Lena Hall: An Audition Master

Lead Article, Reviews

By Kia Standard
 
Lena Hall’s voice blows your hair back, in a good way; it’s high‑voltage, like travelling through a wind tunnel at one hundred miles per hour with no brakes. And you don’t even miss the brakes – you’re just along for the ride. So, it’s hard to believe this Tony Award‑winning, Grammy‑nominated actress ever had to audition, let alone ever had a bad audition. Ms. Hall shares her audition stories in her semi‑autobiographical show, “Lena Hall: The Art of the Audition,” at the Sheen Center on Bleecker Street.
 
“Introducing Celina Consuela Gabriella Carvajal,” her accompanist announces from the piano, as Ms. Hall glides onto the stage wearing a sheer lace dress. Lena Hall is her stage name; it’s a condensed hybrid of her original name. She was born in San Francisco to artistic parents and is of Spanish, Filipino, and Swedish descent. Her father, a ballet dancer and choreographer, is the co‑artistic director of the San Francisco Ethnic Dance Festival; her mother was a prima ballerina at the San Francisco Ballet.
 
She credits the pair for preparing her for her first audition at the age of eight, an open call for the role of Young Cosette for a touring company of “Les Misérables.” For the audition, the other child hopefuls prepared the song “Castle on a Cloud” from the show itself, while little Celina’s song selection was Gilbert and Sullivan’s “I’m Called Little Buttercup,” from “H.M.S. Pinafore.” The result was disastrous. Nerves got the best of her; she started the song, then froze in the middle, so the accompanist began again. During her second attempt, she burst into tears and then bawled through the entire song. Sometimes Ms. Hall still carries this memory with her into her present‑day auditions.
 
At the age of twelve, she followed into her older sister’s footsteps by joining the Young People’s Teen Musical Theatre Company in San Francisco. This is where she really honed her audition skills, while singing, dancing and acting her way through a repertoire of musical theater classics. The only problem is Ms. Hall saw herself a bit differently than the way the rest of the world saw her. For “Into the Woods,” she imagined herself as the sexy witch, but she was cast as the cow, “Milky White.” Also in “Gypsy,” she imagined herself as Gypsy Rose Lee; however, she was cast as Baby Louise in Act One, and the back of the cow in Act Two. Still, her experiences at YPTMTC helped her build self‑confidence.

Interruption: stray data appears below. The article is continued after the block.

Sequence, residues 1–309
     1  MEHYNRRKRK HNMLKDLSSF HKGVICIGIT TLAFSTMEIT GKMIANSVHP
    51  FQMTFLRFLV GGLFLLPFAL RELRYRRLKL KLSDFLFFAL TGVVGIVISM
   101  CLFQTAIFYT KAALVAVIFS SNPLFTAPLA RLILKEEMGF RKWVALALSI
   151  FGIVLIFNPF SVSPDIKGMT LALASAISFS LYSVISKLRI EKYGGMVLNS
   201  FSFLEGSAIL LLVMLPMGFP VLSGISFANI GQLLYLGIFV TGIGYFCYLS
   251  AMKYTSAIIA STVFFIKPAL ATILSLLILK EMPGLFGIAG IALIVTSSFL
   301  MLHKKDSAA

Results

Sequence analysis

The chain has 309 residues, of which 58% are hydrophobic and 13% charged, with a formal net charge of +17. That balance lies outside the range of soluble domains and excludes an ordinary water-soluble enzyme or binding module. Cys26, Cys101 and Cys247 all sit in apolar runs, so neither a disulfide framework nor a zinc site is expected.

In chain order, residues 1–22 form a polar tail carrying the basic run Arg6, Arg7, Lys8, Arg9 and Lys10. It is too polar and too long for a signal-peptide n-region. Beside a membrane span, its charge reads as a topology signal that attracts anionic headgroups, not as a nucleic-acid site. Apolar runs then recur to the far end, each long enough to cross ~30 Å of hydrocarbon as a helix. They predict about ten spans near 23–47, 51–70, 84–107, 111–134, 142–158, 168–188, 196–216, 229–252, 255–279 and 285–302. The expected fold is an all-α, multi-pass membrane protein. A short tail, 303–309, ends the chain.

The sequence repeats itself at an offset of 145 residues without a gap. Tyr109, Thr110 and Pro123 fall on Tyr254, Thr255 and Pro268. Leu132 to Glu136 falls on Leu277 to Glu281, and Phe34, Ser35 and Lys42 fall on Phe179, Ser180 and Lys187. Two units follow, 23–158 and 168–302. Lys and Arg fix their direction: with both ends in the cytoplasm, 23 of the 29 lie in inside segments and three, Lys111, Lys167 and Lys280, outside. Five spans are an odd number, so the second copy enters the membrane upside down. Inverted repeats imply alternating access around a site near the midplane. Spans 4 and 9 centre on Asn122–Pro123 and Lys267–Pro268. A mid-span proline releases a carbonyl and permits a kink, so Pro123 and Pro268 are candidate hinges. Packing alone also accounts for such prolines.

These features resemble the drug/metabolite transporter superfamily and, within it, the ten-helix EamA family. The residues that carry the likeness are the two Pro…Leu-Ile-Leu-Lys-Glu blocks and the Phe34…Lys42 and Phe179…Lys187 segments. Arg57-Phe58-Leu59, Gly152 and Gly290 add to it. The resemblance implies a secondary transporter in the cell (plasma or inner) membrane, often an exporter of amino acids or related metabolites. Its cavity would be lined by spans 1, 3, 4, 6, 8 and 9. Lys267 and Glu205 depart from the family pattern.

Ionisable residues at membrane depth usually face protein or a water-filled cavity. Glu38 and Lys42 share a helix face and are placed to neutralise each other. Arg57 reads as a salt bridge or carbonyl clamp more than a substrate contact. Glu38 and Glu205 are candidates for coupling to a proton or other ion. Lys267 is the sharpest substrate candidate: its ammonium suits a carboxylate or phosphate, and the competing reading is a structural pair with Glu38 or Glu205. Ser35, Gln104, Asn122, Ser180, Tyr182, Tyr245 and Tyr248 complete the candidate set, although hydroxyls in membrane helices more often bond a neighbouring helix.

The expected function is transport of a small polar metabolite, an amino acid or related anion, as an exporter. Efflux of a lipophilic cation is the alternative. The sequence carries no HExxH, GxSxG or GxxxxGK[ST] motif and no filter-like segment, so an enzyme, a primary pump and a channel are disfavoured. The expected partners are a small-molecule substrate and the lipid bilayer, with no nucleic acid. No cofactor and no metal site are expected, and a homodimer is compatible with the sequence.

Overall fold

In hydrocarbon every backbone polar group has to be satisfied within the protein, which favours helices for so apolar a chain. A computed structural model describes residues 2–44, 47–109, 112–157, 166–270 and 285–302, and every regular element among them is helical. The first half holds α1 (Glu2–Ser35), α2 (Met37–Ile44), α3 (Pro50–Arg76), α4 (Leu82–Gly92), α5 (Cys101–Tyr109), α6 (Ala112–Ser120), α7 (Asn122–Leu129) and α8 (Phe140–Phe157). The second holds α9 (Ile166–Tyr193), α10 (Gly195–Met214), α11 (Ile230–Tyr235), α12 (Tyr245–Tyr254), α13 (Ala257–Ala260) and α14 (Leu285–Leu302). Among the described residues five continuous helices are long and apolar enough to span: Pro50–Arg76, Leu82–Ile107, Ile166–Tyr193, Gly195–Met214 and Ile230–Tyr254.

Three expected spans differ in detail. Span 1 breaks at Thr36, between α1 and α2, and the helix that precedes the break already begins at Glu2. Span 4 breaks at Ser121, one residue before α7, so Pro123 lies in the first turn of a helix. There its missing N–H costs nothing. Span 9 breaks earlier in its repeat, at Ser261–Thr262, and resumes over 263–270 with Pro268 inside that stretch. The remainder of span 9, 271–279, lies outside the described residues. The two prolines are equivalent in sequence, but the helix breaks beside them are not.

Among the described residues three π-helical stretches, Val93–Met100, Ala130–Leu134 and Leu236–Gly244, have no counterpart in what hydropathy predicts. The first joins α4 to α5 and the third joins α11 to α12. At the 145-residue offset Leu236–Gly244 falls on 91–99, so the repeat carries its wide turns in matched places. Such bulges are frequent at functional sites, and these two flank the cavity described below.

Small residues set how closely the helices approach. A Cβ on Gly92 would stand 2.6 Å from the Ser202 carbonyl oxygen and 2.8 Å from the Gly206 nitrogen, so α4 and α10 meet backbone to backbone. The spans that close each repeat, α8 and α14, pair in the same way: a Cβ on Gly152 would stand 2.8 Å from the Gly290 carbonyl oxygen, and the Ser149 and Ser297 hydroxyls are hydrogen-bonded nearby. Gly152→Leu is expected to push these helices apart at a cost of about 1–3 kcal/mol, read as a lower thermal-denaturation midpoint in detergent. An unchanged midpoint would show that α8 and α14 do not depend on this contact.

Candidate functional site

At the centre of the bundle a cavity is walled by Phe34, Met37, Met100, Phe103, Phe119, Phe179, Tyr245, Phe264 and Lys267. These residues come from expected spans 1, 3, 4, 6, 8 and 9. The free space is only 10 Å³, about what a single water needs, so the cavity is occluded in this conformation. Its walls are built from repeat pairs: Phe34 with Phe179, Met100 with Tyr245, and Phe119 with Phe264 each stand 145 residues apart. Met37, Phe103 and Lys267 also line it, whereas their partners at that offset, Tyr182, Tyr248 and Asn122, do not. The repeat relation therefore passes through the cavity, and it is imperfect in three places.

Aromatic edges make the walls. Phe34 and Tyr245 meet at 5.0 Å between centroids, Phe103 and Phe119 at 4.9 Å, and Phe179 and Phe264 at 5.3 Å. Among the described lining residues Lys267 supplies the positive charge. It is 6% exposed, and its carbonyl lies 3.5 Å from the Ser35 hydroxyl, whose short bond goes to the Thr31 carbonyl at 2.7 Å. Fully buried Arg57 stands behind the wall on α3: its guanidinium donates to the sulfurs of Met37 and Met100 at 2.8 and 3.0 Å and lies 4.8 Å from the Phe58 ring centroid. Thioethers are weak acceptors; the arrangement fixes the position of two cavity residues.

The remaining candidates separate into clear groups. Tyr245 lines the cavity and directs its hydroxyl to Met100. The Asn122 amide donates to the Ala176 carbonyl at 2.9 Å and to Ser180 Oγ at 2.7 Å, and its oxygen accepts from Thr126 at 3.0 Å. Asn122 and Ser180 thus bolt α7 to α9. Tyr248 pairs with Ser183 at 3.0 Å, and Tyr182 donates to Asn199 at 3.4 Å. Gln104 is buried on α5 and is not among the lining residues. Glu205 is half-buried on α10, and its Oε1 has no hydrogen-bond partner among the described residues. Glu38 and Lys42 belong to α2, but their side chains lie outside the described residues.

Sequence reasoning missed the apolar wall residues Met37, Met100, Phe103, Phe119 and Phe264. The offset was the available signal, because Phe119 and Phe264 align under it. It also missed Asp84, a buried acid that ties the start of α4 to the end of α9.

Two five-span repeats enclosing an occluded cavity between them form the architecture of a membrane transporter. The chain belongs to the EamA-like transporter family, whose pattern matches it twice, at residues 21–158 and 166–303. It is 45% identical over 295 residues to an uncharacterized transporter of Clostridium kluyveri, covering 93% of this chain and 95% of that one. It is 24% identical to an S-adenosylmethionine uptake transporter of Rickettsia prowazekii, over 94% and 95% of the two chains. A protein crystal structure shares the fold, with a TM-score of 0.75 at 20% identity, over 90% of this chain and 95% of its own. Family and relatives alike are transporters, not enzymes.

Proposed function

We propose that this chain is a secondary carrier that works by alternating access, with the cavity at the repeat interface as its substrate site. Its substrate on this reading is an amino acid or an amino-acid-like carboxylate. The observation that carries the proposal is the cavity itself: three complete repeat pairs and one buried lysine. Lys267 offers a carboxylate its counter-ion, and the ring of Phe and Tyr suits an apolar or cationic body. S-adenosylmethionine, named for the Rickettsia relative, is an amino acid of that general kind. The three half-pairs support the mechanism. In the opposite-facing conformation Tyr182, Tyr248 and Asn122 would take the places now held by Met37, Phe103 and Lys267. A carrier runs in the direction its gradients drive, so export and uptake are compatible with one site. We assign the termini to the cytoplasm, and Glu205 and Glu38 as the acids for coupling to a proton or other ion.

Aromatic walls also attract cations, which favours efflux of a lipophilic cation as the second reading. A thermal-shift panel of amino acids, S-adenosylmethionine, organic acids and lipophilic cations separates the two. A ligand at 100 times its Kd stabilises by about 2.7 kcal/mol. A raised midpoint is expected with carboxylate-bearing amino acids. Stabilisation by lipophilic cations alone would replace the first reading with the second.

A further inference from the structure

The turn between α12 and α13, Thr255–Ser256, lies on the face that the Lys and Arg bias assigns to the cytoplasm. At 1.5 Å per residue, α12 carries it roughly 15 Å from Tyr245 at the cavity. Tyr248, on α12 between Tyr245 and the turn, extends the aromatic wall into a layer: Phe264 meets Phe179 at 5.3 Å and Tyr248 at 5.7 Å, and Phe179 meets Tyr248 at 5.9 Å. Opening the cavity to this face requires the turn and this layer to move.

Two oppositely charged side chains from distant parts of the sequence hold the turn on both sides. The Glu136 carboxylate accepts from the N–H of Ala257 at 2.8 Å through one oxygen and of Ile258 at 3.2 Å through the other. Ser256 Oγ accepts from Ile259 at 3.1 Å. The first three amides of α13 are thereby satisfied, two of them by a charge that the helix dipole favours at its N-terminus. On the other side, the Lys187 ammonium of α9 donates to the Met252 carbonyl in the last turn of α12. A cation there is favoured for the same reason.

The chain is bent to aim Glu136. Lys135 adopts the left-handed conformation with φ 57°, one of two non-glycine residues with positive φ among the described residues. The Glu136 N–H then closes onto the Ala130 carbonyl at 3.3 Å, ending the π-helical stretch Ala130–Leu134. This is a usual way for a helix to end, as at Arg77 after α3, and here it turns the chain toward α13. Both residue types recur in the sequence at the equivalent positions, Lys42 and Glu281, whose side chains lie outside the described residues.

Lena Hall tells her anecdotes in a conversational tone; she is candid, funny, and at times irreverent. At the age of seventeen, after making it through three dance cuts for the national tour of “Cats,” she sang “Dance 10, Looks 3,” looking directly into the eyes of the casting team seated behind the table. An audition no‑no. She landed the job anyway. However, when she auditioned for the Broadway revival of “Cabaret,” she wasn’t so lucky. She exaggerated her ability to play the alto saxophone on her resume under “special skills.” “How hard can it be?” she said. She was cut when asked to play at the end of the audition, and could only screech out a few notes.
 
Ms. Hall also shares the failures of her onstage career. She talks about her immediate firing from Garry Marshall’s “Happy Days’” musical, when they realized Pinky Tuscadero could not play the alto sax (she forgot to delete it from her resume); and she briefly mentions her ensemble work in the Broadway shows “Dracula” and “Tarzan,” both of which turned out to be box office flops. Many auditions later, Lena Hall finally hit her stride when she got the chance to originate the role of Nicola in the musical “Kinky Boots.” What followed is her most epic audition to date, which landed her the role of Yitzhak in “Hedwig and the Angry Inch,” opposite Neil Patrick Harris. This star turn led to her winning the Tony Award for Best Featured Actress in a Musical.
 
Ms. Hall’s charm is infectious; she recounts her journey while laughing along with the audience at her various foibles. Adding to the humor are the screen‑sized projections of headshots that seem to tell a story of their own. The progression goes from black‑and‑white photos to digital color shots. They begin with a baby‑faced Celina, then go through a variety of hairdos (and don’ts): bobbed cuts, electrocuted hair, blonde, and red, until she finally settles into her current long mane of jet black. Her wardrobe choices go from short sleeves to bare shoulders, then a Kelly‑green turtleneck, which she has since traded in for a cropped black leather jacket.
 
Lena Hall is an undeniable talent, a vocal sorceress, with an extensive range to match. Ms. Hall can belt out a standard show tune, lull you with her ethereal soprano, or blast you with the rock‑and‑roll growl that she is most noted for. Frankly, who cares whether or not she can play the alto sax? Now she can add audition master and Tony winner to her list of “Special Skills.”
 
The Art of the Audition: From Falling Apart to Nailing the Part
Performed and conceived by Lena Hall
Musical Director and Pianist: Joshua Stephen Kartes
Photo Credit: Genevieve Rafter Keddy
February 9, 2019 at 8PM
The Loreto Theater at The Sheen Center for Thought and Culture
18 Bleecker St
New York City
 
KIA STANDARD is a writer and musical theater performer, who has appeared in regional and international productions of “West Side Story,” “The King and I”, “Little Shop of Horrors,” and “Bubbling Brown Sugar.” She received an MA in Creative Writing/Nonfiction from The Johns Hopkins University, and has published articles and profiles for various talent magazines. Ms. Standard is currently working as a musical playwright.

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